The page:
[sdt] In warning about HAIL, G-d says (through Moshe) that this time, I will send ALL my plagues... The Vilna Ga'on explains that G-d uses three main weapons, so to speak, to punish those who violate His commands - Fire, Water, and Wind. For example, to destroy the Generation of the Flood, G-d used Water. To disperse Dor HaP'laga, He used Wind, and to destroy S'dom, His main weapon was Fire. The plague of Blood, for example, used Water. Plague 6 was the burning Fire of Boils on the skin. The locust (next week's sedra) came on the Wind. But Hail consisted of the whole arsenal - the Hail itself was Water, it had Fire in it, and the Hail was accompanied by strong Wind (the Kolot mentioned in 9:23).
[sdt] OD'CHA MISTOLEIL B'AMI L'VILTI shalcham (9:17). Part of the warning to Par'o prior to HAIL basically saying: You, Par'o, are still arrogantly refusing to send the people out... Baal HaTurim points out that the scrambled initial letters of this phrase spell BIL'AM, one of three advisors of Par'o, and Arrogance personified.
It is to be a devastating, unprecedented hailstorm. (There was a large measure of the supernatural in all the plagues, even though each had a natural setting, e.g. fire inside hailstones of ice.) The hail is extremely destructive, but some plants do survive, as do the animals of those Egyptians who heeded Moshe's warning to bring them indoors. Par'o admits that he has sinned and grants Moshe's demands, if only the hail will stop. When it does stop, Par'o yet again reneges, as G-d has said he would.
[SDT] When Moshe tells Par'o that the plague of Hail will end, he says that the thunder will stop and the hail will no longer be. The terminology implies that the thunder will temporarily stop but the hail will completely end. And so it was, points out the Baal HaTurim, the hail did in fact cease, but the thunder returned to accompany the awe-inspiring events of the Sinai Experience.
Maftir (second Torah) - 7 p'sukim - Bamidbar 28:9-15
Chapters 28 and 29 in Bamidbar (Parshat Pinchas) deal with the daily and Musaf korbanot (sacrifices) in the Mikdash. The Musaf of Shabbat is two p'sukim long. Minimum Torah reading portion is 3 p'sukim, and that is why we do not read Shabbat's Musaf on a weekly basis. Since the 2 Shabbat p'sukim are followed by five that deal with Rosh Chodesh, both portions are read for the Maftir on Shabbat Rosh Chodesh.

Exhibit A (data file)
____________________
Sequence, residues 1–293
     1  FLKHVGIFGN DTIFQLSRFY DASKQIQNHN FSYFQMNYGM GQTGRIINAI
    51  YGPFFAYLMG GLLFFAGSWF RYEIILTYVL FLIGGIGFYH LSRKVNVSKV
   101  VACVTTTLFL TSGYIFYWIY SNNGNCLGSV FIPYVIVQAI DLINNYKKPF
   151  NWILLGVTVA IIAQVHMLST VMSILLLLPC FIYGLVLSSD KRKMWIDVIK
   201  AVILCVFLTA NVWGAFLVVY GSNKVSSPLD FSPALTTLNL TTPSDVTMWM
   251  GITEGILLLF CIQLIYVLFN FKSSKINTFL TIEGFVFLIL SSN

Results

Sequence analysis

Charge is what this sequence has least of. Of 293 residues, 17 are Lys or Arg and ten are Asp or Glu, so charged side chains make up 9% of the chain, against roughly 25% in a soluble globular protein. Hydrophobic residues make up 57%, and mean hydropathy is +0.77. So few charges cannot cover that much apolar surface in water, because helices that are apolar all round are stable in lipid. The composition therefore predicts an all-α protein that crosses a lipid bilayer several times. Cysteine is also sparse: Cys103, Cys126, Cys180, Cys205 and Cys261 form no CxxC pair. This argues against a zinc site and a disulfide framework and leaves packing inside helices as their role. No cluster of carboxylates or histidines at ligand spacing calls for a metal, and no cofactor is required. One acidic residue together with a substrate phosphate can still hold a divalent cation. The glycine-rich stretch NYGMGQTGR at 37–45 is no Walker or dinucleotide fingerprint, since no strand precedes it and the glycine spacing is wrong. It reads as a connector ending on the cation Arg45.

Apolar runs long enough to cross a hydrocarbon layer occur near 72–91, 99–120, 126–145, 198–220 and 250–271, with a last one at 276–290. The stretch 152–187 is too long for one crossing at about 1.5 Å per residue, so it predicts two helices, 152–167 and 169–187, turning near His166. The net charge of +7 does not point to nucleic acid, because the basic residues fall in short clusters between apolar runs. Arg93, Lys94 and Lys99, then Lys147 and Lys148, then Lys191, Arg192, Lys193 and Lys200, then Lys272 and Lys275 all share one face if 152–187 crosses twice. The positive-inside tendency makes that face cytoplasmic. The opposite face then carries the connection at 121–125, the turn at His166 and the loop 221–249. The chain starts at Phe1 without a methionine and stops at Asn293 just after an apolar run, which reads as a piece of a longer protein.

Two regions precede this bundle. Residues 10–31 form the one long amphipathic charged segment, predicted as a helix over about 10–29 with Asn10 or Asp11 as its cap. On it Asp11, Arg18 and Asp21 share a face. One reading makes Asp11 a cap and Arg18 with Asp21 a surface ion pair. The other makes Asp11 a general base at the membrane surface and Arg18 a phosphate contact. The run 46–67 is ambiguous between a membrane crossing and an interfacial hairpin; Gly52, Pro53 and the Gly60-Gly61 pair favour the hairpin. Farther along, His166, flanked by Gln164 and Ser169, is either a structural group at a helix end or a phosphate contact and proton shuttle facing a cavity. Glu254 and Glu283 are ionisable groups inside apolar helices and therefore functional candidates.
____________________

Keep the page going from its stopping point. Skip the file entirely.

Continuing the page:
The special Haftara for Shabbat-Rosh Chodesh is the last chapter of the book of Yeshayahu, and it preempts the regular Haftara of the weekly Parsha (usually). The obvious reason for the choice is found in the next to the last pasuk, which mentions both Shabbat and Rosh Chodesh. This pasuk is reread after the last pasuk, so that the book of Yeshayahu - and this Haftara - can end on a bright note. This chapter, as all chapters in Yeshayahu from 40 and on, contains a message of consolation.
Specifically, this chapter tells us that G-d cannot be contained in the physical Mikdash, nor is He interested in sacrifices that are not offered with sincerity. This message is appropriate all the time, and the association with Shabbat - week in and week out - and Rosh Chodesh - month in and month out, fits well.
The universal message at the end of the portion - that ALL human beings will come to bow before HaShem - links well with Shabbat and Chodesh. The month is defined by a natural phenomenon - the cycle of phases of the Moon, and is available to all people to experience and be inspired by. The Shabbat represents the basic belief that G-d created the world. It is not connected to a natural occurrence. Some people come to belief from experiencing something in nature. Others just believe. Either way, in the case of Shabbat and Chodesh, we are dealing with concepts that can have a popular appear.